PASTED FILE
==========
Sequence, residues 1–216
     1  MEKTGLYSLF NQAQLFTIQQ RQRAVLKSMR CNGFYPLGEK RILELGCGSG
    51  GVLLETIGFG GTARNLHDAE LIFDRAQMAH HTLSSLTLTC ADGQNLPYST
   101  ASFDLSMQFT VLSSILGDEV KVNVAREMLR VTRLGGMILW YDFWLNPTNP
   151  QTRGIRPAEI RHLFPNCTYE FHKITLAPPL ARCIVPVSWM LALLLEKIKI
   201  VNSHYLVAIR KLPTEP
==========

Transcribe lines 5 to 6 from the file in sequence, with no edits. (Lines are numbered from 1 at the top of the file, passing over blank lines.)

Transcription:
   151  QTRGIRPAEI RHLFPNCTYE FHKITLAPPL ARCIVPVSWM LALLLEKIKI
   201  VNSHYLVAIR KLPTEP